When my grandfather signed up for the military, he signed up to serve his country, and our ideals as a nation.  The Constitution of the United States of America guarantees equal rights to every American, and though we have a complicated history when it comes to equality, we have throughout time tried to right our wrongs through things like the Emancipation Proclamation, the 19th Amendment, the Civil Rights Act, or granting same-sex couples the right to marry.  These are the ideals that my Marine grandfather fought for, and these are the ideals that he instilled in me as his granddaughter.   

 

I’ll be forever grateful to Grampa Phil for teaching me how to fight, because I’ve unfortunately had to do a lot of it lately: as the mother of a transgender child in Texas, I’m living in a state and indeed in a nation that seems hellbent on discriminating against my 9 year old son Max at every turn.

 

For the life of me, I can’t figure out why.  Looking at him, you’d never know he was trans. And why should that matter if he can “pass” or not anyway?  Isn’t he just as much an American as you or I? Max likes all the same things that your 9 year old kids like: he’s obsessed with our cats, he builds elaborate Minecraft worlds, he struggles with his multiplications tables, and like his Great-Grampa Phil, his favorite food is bacon.  What’s not to love about this kid? Why aren’t we doing more as a nation to protect him?

 

But rather than stand up for transgender Americans like my baby, the Department of Justice has instead rescinded any guidelines that were previously in place, meant to protect my child from discrimination.  There are serious questions about how exactly the Department of Education will (or won’t) investigate complaints brought to them on behalf of LGBTQ students when these same students feel that they have been treated unfairly by their teachers or school boards.  And now the Trump Administration has said that Americans like my son Max will be unable to serve this country in the military because they are transgender.

 

As parents and as Americans, we tell our children that when they grow up, they can be anything they want to be. If Max wants to be a Marine like his great-grandfather, who are we to stop him? Disappointingly, Trump wants to limit my American child’s potential. Nothing would make me prouder as Max’s mom to see him serve this country in the military, protecting our freedoms, serving as an unofficial ambassador in far off lands, and fighting for what he believes in. But after hearing this most recent news from the White House, I’m asking myself: if Max fought for our country, would our country fight for him?

There are 150,000 transgender service members who have served our military, or are on active duty, and an estimated 134,000 more when you count the Reserves. In fact, transgender Americans are more likely to serve in the military than their cisgender peers. Is it maybe because they’ve been fighters their whole lives? Think about it: transgender people had to fight to be who they are, and our brave service members continue to fight today for our country, including their right to exist in it. Their sacrifice and service is notable, appreciated, and selfless. The same cannot be said about their Commander in Chief.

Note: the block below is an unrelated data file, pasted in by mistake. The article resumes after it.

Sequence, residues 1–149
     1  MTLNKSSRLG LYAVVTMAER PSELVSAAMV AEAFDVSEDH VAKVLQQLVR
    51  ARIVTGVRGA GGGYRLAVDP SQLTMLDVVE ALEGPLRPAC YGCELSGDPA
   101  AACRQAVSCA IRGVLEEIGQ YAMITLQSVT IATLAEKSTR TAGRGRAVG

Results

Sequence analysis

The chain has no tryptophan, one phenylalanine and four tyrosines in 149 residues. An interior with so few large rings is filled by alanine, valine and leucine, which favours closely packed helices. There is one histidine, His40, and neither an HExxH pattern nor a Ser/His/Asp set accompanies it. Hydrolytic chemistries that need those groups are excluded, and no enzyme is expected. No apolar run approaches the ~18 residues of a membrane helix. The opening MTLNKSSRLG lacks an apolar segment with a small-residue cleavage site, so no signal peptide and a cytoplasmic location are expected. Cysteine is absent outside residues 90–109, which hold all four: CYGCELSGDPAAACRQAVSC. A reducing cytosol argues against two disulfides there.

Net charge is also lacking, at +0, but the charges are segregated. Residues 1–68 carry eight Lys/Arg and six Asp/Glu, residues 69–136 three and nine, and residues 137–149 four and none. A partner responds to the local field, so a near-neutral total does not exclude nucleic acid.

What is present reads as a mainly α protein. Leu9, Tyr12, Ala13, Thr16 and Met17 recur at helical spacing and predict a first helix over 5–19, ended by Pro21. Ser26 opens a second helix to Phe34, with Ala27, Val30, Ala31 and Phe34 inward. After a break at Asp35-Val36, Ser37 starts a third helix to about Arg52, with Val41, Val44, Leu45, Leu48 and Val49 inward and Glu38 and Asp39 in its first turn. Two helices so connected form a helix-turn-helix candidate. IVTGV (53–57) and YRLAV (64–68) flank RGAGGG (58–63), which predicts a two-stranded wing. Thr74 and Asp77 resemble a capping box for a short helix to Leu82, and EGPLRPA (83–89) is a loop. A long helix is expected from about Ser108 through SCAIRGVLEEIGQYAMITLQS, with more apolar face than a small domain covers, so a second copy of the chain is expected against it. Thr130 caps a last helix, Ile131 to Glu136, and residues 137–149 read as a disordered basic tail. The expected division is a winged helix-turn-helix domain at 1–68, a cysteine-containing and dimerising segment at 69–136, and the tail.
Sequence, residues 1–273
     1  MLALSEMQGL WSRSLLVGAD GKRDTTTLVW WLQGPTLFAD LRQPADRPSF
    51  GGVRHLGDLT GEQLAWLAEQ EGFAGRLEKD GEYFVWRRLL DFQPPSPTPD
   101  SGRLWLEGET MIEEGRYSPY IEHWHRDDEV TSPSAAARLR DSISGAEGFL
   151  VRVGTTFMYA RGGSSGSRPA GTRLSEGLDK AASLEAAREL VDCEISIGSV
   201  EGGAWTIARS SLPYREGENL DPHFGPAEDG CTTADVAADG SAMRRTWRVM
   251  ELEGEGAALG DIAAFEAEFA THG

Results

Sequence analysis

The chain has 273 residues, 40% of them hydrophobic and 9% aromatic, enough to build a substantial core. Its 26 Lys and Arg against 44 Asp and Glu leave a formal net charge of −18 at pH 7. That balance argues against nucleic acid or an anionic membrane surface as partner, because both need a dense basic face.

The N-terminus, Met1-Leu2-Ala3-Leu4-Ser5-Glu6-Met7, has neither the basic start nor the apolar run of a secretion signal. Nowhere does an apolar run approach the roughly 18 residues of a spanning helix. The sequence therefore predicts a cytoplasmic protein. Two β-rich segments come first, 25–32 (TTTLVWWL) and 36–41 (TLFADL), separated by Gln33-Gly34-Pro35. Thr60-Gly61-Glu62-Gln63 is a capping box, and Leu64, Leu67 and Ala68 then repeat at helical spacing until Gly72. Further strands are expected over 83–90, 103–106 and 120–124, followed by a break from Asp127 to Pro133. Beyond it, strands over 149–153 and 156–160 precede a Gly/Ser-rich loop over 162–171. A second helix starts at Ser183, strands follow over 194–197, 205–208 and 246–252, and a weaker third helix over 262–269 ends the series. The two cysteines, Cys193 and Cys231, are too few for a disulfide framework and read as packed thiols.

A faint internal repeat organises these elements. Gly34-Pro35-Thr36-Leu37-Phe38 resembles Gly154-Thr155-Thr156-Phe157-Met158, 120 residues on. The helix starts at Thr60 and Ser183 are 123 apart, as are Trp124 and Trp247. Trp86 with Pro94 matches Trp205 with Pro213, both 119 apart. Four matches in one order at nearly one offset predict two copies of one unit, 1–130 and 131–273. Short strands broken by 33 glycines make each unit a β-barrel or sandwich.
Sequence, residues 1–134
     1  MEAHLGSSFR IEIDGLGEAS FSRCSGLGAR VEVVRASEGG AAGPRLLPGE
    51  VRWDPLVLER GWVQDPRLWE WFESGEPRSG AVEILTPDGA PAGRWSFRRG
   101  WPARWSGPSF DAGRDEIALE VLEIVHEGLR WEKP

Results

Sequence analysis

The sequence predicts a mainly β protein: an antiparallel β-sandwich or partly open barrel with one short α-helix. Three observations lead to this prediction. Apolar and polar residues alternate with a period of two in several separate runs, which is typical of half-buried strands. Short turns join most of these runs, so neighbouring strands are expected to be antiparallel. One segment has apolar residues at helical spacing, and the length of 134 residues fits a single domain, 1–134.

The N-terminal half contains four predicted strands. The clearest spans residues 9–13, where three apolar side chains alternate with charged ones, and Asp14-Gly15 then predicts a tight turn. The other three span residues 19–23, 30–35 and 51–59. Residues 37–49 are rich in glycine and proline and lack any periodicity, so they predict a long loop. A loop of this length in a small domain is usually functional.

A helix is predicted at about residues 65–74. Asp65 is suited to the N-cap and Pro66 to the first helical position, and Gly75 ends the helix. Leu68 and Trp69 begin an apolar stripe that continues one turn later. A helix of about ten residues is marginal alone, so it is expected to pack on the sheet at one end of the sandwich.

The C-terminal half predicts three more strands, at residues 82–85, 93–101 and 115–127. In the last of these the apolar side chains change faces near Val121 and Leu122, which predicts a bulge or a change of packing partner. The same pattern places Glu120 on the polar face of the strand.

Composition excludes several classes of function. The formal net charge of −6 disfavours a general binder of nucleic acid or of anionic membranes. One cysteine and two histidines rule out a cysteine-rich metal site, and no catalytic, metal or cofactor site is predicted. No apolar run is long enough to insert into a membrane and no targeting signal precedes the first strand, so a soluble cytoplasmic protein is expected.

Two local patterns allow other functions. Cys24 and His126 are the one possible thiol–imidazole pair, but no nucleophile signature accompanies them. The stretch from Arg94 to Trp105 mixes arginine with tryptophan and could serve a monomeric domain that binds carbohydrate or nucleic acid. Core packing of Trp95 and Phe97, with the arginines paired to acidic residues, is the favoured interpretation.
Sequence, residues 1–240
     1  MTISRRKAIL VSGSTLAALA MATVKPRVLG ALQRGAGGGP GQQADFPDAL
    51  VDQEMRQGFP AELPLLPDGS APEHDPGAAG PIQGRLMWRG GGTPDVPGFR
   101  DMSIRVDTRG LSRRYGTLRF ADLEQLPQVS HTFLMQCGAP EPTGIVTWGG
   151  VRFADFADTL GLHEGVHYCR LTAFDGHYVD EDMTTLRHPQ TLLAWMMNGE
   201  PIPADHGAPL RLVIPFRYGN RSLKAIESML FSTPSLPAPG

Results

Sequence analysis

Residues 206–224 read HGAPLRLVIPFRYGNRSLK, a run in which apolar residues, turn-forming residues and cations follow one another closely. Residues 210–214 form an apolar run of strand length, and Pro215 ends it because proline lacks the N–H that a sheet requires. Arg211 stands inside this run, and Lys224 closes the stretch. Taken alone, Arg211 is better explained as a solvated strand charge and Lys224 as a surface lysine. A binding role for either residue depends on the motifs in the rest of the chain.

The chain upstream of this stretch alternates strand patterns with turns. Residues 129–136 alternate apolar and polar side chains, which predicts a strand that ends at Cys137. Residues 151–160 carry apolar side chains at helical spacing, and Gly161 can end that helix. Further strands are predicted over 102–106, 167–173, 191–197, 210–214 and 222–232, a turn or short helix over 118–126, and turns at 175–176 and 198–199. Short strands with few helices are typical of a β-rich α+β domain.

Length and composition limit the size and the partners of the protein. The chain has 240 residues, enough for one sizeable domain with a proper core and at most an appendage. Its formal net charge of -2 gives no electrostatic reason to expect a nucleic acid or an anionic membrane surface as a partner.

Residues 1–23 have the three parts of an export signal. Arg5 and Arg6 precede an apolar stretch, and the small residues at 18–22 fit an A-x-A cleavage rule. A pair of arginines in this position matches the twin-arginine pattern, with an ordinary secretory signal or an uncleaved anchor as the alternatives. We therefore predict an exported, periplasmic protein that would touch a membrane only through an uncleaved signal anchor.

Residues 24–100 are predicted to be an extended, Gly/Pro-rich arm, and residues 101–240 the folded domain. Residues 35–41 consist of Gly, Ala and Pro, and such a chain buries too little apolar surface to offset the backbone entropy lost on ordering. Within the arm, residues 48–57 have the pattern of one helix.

This essay was originally published in the Huffington Post

That viral photo of my trans son crying? Here’s what’s really going on.

My 9-year-old son doesn’t have a political agenda; he’s just a kid. You wouldn’t think so given the backlash against a photo I posted of him on Facebook this weekend, though: a crying child, sitting exhausted on the floor of the Texas capitol, as his concerned mother wipes his tears. Somehow that struck a nerve with people across the country, and the criticisms of my parenting and the validity of my transgender child’s experience have been the center of online conversation ever since…

…read the entire essay at Refinery29

For Max

For 140 days, we defeated MULTIPLE attempts by the Texas Legislature as they tried again and again to pass anti-transgender legislation.  The regular session is over, but the special “session of oppression” begins on July 18, 2017.  The stakes are high for kids like Max, but with your help, we can win again.  Here’s how we fight for him today, tomorrow, and every day:

 

An open letter to Speaker Joe Straus

Dear Speaker Straus,

We’ve never met, but I wanted to say thank you. I’ve watched the way you guided the House through a tumultuous legislative session and honestly, I don’t know how to thank you. While the lieutenant governor seems to have lost his mind and the governor seems to have forgotten how to lead, you, sir, have been resolute in trying to address the real issues affecting Texans — not on trying to legislate lavatories.

I haven’t really spent much time tracking legislation before; I guess I’ve never really had to. My life has been pretty privileged up until now — I’m a white, middle-class, college-educated, married lady who likes country music, ice tea and Jesus. I own a business, and until recently, I believed that if you just worked hard enough, you could accomplish anything.

But I started paying attention to what y’all were doing down in Austin the year that I finally accepted that my child was transgender. And what I found, Speaker Straus, is that there was an awful lot happening under that pink dome that could quite possibly kill him…

Read the full version of this letter here.  Thanks to TribTalk and the Texas Tribune for publishing this!